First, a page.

Tomie Hahn is a performer and ethnologist whose activities span a wide range of topics including: Japanese traditional performing arts, Monster Truck rallies, issues of identity and creative expression of multiracial individuals, and relationships of technology and culture; interactive dance/movement performance; and gestural control and extended human/computer interface in the performing arts. She holds degrees in Art History, Music Performance, and Ethnomusicology. She is a teacher/performer of shakuhachi (Japanese bamboo flute), and of nihon buyo (Japanese traditional dance) holding the professional stage name, Samie Tachibana. Over twenty years ago Hahn began studying shakuhachi with Ralph Samuelson and has had the great fortune to study with Goro Yamaguchi in Tokyo.|
Hahn has performed and lectured at venues including The Metropolitan Museum of Art, The American Museum of Natural History, Japan Society, Asia Society, The Freer-Sackler Gallery of the Smithsonian Institute, MIT Media Lab, Franklin Furnace, ABC No Rio, Mobius, and Galapagos Art Space.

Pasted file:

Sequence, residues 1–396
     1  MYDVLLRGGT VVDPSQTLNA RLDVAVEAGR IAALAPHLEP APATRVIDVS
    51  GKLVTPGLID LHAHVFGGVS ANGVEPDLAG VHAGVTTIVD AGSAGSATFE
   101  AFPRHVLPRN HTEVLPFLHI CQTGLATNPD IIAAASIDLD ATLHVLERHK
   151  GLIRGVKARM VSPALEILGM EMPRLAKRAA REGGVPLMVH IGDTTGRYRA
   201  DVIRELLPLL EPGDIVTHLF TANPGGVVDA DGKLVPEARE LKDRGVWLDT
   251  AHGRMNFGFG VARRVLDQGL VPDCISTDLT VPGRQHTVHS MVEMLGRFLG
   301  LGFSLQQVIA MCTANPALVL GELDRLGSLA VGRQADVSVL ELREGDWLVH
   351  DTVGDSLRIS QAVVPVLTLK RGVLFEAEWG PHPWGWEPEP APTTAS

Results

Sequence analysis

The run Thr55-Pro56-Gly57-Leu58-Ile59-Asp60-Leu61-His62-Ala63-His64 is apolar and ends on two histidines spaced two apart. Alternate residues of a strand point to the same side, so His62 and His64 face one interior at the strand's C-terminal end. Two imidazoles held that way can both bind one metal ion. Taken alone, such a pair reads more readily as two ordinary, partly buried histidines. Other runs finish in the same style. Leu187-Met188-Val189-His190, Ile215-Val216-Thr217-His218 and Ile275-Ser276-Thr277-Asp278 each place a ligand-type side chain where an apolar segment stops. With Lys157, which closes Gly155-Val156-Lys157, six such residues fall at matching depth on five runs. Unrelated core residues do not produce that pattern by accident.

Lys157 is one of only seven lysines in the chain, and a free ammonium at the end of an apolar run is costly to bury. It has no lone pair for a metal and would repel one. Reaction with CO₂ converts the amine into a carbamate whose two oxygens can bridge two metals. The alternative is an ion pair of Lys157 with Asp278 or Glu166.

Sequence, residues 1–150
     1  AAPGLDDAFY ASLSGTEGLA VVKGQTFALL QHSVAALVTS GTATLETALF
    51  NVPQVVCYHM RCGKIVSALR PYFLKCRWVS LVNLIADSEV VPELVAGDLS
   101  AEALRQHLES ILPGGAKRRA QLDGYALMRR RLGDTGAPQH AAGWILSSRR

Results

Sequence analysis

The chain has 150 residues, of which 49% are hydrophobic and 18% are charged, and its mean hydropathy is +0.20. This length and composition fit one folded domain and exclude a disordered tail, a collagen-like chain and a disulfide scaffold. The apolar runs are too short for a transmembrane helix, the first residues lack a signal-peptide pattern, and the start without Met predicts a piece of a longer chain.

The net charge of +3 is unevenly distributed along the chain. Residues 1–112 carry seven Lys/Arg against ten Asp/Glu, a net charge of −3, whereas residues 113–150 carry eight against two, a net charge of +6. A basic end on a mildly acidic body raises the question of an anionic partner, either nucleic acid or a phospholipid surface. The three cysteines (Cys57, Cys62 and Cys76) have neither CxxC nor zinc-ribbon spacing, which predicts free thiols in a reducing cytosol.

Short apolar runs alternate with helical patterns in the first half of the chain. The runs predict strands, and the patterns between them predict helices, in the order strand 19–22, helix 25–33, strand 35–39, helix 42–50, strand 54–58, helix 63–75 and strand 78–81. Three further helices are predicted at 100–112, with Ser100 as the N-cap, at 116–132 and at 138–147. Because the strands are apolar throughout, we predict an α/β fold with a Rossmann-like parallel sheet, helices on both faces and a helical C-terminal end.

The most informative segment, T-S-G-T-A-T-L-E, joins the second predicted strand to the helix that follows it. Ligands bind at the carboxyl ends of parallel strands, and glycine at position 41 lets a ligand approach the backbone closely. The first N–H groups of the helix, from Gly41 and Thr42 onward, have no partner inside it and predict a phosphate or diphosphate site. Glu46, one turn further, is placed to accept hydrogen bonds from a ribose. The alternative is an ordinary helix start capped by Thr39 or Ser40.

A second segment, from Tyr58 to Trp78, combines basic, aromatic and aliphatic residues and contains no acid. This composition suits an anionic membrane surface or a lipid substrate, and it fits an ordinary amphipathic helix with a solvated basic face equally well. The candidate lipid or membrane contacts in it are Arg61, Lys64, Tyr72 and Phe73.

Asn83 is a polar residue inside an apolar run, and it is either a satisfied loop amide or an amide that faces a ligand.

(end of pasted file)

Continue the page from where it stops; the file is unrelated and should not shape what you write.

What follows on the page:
She has collaborated with Curtis Bahn, for several decades in the development of new experimental intermedia works and new performance technologies. Their work has been featured in the New York Times, Art Byte, and the Rensselaer magazine. At RPI they plan to continue their work in Human/Computer Interface development for the performing arts.
Hahn is currently an Associate Professor in the Department of the Arts at Rensselaer Polytechnic Institute in Troy, NY.